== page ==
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The First Towns
3300 - 1950 BCE

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In the Early Bronze Age, the inhabitants of Canaan built the first walled towns. These towns were not large -- populations seldom exceeded 2000; the largest had perhaps 3000 - 5000 inhabitants. The evolution of urban societies had a profound effect on the civilization in Canaan. The clear boundaries of the cities and their role as regional centers represented a new concept in communal organization.

The most imposing feature of these towns were their defenses. Walls were built of rough stones or of unbaked mud brick. One of the best preserved sites from this time was Arad. Here, the defensive wall was furnished with semicircular bastions at regular intervals. As time progressed, the fortifications in these towns grew more and more complex and by the end of the Early Bronze Age, some towns were even surrounded by double or triple lines of walls for defense.

Families lived within the city walls in houses clustered around courtyards. Differences in wealth existed but were not marked. Buildings that might qualify as "palaces" were almost non-existent. Small temples were the main form of public building and probably served as the focal point for community life. Both temples and private houses had a similar basic plan, namely a rectangular structure built of mud brick with the entrance in the long side and often with benches along the other three sides.

Artist's reconstruction of Arad, an Early Bronze Age city.
Drawing by Chad Hennebery after R. Amiran and O. Ilan, Arad: eine 5000 Jahre alte Stadt in der Wuste Neger, Israel

Khirbet Kerak Ware Ceramic Vessel
Beth Shean, Stratum XII, Early Bronze III 2700-23000 BCE

Around this time, pottery technology developed as the potter's wheel came into common use and methods for firing wares were better controlled. Metal weapons and tools were created by artisans in these urban centers and despite the terminology, copper, and not bronze, was the metal used in the Early Bronze Age.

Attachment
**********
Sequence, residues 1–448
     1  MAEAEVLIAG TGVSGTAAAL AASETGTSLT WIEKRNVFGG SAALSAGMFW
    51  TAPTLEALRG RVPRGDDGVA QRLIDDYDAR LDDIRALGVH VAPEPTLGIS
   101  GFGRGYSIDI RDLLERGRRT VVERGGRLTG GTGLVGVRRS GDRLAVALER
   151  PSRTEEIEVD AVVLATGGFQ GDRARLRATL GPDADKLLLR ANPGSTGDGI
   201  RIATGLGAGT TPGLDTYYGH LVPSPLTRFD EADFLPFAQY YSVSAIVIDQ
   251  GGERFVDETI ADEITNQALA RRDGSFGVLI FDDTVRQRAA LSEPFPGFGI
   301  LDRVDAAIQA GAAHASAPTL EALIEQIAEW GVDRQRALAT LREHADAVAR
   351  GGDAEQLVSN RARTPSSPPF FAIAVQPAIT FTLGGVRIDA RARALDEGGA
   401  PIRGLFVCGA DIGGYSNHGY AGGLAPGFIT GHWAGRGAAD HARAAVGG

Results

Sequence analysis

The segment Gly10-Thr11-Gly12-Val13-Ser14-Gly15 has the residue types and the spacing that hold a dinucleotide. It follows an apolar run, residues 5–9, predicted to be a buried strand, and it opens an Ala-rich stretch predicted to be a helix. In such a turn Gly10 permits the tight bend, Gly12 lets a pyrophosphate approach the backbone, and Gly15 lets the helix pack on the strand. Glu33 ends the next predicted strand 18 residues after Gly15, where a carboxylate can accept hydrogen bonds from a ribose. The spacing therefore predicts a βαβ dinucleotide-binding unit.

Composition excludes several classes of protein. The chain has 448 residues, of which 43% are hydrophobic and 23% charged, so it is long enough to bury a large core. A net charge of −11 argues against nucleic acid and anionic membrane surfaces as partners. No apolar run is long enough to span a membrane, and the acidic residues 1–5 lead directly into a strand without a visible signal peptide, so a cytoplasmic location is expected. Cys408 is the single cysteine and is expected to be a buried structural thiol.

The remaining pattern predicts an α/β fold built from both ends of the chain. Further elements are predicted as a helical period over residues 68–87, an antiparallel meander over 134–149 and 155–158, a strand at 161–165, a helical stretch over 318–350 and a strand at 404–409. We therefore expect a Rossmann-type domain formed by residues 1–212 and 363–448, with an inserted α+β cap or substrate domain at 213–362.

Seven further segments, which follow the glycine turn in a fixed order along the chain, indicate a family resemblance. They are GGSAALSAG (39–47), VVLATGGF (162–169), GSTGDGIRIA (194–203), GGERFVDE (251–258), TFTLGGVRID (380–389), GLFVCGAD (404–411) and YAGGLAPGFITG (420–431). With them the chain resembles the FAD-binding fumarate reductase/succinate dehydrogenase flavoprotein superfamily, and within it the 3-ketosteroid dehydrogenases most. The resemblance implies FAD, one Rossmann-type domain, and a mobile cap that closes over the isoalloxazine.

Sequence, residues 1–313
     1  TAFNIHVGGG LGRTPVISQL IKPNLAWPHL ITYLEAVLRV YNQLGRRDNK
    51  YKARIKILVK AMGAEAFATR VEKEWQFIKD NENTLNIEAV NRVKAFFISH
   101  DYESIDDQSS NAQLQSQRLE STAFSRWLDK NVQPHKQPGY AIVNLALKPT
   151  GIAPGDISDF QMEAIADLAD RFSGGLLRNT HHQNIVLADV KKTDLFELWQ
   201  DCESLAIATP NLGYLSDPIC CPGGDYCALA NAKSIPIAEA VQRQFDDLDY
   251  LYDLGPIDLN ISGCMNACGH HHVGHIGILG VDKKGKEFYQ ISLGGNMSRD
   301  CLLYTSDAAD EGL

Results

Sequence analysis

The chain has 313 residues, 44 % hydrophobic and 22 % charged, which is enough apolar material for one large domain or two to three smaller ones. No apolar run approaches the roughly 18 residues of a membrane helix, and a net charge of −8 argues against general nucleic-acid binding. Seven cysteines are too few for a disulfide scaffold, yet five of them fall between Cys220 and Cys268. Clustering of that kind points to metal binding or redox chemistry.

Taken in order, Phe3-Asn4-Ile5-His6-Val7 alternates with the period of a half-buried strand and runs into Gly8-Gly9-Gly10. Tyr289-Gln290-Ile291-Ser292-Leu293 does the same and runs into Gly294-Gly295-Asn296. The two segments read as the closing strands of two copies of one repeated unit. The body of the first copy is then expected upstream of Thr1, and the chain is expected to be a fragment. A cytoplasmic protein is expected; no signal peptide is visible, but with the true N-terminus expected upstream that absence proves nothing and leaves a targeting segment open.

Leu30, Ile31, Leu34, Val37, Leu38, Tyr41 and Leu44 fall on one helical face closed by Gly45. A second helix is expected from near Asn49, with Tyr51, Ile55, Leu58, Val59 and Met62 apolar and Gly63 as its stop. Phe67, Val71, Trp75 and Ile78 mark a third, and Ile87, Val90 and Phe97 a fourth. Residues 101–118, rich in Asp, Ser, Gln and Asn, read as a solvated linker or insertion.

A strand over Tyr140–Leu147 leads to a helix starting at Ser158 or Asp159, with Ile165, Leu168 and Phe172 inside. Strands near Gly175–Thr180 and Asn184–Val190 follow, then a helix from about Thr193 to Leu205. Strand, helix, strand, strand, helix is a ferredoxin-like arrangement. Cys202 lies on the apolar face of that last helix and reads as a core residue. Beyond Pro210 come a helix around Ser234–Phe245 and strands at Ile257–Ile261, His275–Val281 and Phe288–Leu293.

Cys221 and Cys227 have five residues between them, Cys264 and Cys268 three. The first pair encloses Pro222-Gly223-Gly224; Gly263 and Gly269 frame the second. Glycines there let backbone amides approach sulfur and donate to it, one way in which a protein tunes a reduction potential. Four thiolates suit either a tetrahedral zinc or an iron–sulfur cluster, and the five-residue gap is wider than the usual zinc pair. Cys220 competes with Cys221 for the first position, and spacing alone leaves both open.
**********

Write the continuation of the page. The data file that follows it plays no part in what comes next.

Serekh of Narmer, Egyptian Pharaoh of the First Dynasty, incised on a pottery jar found at Arad.
J. Fisher, after R. Amirah, Israel Exploration Journal, 24(1974): fig. 1.1

Contact with the first Pharaohs of Egypt played a role in stimulating the growth of these walled towns. In Egypt, contemporary tombs contained pottery jars from Canaan which were used to transport wine and olive oil. The names of Egypt's first two Pharaohs (Narmer and Hor-aha) were found on objects at numerous sites in southern Israel -- clear indication of commercial contacts.

The existence of the heavily fortified city walls is evidence that this was not a peaceful period. Perhaps the walls were built to protect against inter-town rivalry within Canaan itself, but there are also Egyptian records testifying to military intervention from that country. However, by 2300 BCE, most of the towns in the southern Levant had been abandoned or reduced in size. Current evidence suggests that a global climate change and drier conditions were the basic cause of these social changes. In addition, there was a gradual decline in trade with Egypt towards the end of the period. Under this strain, the specialized agricultural economy of Early Bronze Age Canaan collapsed. In order to survive, people turned to small-scale farming and pastoral nomadism. Urban communities disintegrated and disappeared. For the next 350 years, walled towns ceased to play a role in Canaanite life.

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